Saturday, May 5, 2012

New immigration rules: Canada wants more skilled tradespersons than managers with big degrees


he recent changes in Canada's immigration rules proposed by Jason Kenney, citizenship and immigration minister, are aimed at attracting more skilled tradespersons to the country, to fill the growing labour shortages being faced by sectors such as natural resources and construction.

Under the revamped Federal Skilled Worker Program(FSWP), likely to be launched later this year, Citizenship and Immigration Canada (CIC) will have a simplified programme for skilled workers under certain sectors such as transportation, construction, service and manufacturing industries.

Further, the Canadian government proposes to allow applicants from certain occupations to be fast-tracked under the skilled workers programme.

The new programme is likely to be more flexible and allow the immigration minister to use his authority to place a priority on a specific field. Such priority occupations would be set out in ministerial instructions.

Under the current immigration levels plan for 2012, Canada plans to admit between 55,000 and 57,000 skilled workers through the FSWP. So far, there has been no increase in the numbers announced by CIC, a senior official in the Canadian High CommissionDelhi, confirmed.

Currently, applicants under the skilled workers programme are evaluated against a grid of 100 points. Official language ability, work experience, education and age of the candidate are considered along with job offer in the country and their adaptability as a whole.
Immigration policy
And while 10 of the 24 occupations on the skilled workers' list for immigration are from various trades, skilled tradespeople, so far, form only 3% of the total number of immigrants under the FSWP.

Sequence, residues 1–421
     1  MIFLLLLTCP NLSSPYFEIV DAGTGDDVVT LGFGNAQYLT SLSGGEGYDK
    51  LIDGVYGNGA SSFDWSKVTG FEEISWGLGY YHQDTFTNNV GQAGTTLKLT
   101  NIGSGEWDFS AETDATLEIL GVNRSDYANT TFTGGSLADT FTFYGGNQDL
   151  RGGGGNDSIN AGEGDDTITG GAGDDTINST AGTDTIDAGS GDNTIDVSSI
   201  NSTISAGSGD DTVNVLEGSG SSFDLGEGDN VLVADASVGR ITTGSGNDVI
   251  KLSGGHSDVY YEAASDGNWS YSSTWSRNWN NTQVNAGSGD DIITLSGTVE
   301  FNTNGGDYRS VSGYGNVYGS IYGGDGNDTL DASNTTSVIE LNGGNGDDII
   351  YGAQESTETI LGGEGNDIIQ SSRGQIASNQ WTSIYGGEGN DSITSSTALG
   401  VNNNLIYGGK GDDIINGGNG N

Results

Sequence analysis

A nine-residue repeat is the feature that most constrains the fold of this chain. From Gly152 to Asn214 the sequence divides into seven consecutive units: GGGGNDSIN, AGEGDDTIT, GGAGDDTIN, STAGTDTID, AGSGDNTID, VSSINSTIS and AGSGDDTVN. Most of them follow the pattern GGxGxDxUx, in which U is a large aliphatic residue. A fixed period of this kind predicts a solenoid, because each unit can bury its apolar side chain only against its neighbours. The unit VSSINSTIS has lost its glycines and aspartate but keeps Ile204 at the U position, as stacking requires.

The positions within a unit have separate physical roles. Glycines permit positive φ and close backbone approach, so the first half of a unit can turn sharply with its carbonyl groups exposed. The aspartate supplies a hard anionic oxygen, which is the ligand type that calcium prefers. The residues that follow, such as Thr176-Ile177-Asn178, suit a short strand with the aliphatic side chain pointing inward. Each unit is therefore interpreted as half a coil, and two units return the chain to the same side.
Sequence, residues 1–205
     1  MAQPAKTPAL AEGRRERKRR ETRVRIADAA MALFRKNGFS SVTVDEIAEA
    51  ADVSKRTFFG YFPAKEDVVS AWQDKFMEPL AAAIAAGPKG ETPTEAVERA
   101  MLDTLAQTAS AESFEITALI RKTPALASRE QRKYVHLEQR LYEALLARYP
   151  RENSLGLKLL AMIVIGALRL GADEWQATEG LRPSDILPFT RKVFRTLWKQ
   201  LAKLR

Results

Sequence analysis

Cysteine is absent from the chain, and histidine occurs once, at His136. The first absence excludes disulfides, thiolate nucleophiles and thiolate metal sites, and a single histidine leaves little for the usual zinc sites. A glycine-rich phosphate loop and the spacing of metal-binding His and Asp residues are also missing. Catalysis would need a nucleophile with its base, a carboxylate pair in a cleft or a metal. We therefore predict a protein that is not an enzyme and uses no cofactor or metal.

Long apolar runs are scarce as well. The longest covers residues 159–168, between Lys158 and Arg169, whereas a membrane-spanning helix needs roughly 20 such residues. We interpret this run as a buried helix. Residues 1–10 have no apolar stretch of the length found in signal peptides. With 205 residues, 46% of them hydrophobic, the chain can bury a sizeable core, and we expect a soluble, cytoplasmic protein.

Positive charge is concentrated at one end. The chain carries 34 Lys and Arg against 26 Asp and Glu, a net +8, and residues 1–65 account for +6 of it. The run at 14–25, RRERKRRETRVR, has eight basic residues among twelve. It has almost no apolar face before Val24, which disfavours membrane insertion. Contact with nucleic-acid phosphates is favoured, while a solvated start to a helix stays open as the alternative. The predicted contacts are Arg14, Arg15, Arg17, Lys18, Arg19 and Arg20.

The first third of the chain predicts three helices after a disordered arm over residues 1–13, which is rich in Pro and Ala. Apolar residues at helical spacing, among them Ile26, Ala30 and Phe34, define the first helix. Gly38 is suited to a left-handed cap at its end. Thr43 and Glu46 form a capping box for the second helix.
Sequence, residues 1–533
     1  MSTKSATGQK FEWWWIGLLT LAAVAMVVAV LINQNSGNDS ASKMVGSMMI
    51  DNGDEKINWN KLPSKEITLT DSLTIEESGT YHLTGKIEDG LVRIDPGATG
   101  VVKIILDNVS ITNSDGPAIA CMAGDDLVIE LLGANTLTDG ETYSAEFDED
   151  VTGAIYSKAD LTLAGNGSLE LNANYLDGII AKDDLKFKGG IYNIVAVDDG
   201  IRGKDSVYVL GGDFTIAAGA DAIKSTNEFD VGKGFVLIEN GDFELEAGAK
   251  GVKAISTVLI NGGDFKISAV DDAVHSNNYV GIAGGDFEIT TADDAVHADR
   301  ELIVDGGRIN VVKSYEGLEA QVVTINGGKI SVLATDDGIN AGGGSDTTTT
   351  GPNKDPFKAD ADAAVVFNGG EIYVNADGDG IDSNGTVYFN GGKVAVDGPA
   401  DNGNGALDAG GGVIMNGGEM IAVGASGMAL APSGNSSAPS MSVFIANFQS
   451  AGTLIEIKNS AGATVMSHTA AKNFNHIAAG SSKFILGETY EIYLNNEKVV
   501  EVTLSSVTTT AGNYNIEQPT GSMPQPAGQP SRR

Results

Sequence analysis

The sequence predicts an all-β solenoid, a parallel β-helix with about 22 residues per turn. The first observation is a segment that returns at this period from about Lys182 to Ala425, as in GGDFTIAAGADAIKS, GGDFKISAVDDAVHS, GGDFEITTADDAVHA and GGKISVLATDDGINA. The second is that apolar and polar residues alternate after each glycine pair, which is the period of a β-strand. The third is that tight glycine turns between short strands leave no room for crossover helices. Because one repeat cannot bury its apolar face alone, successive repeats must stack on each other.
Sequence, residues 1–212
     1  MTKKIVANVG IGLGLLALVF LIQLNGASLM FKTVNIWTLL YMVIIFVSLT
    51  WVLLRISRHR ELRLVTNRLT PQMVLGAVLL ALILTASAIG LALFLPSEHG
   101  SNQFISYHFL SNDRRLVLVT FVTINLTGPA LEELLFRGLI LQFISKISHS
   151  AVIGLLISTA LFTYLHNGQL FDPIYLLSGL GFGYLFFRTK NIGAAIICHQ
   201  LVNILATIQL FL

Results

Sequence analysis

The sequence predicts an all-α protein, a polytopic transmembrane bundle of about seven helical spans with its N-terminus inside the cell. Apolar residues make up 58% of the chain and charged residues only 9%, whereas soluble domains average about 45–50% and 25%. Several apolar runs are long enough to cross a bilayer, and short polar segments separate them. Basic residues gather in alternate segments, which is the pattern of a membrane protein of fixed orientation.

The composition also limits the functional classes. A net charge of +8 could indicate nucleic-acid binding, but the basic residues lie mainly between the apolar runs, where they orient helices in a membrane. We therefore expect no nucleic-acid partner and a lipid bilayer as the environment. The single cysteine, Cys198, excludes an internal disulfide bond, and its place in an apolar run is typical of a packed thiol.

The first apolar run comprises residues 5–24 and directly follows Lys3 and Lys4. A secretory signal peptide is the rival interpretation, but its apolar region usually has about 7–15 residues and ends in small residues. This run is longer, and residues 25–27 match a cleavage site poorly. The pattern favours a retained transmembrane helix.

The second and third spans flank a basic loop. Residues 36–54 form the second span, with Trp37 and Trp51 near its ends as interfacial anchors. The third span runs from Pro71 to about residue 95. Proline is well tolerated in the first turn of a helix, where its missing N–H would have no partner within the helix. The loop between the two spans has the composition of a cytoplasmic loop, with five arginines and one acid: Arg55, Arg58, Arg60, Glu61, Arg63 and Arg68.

The system favours managers and professionals over skilled workers, with huge backlogs for the latter.

"The changes in the immigration policy will allow the government to pick and choose the skillsets that are required in line with economic trends. International work experience and training are now recognised by the Canadian authorities and hence evaluating skilled immigrants will also become easier. Besides, the Canadian government will have the right to fast-track applicants whose skills are required in the country," says Sudershan Banerjee, a strategy adviser in Canada.

The changes will, in fact, give skilled workers a chance to be evaluated according to work experience and practical training instead of university degrees. The minimum knowledge of English or French language will, however, be retained as a criterion.

"The changes are aimed to meet the economic needs of Canada and focussed on areas of growth within industry. Some sectors have seen rapid growth over the past couple of years and have huge gaps of skilled tradespeople," says Deepak Obhrai, Indo-Canadian member of parliament. He doesn't see any likely fall in number of immigrants fromIndia as a result of the shift in focus. "India has always been a huge source of immigrants to Canada and we don't see that trend changing at all," he says.

Problem of Over-qualification 

There have been growing concerns among the Indian Canadian community over new immigrants ending up with jobs that they are over-qualified for or remaining unemployed for large periods after they land in Canada. The proposed changes are largely being seen as a step to tackle such issues. 

Enhanced by Zemanta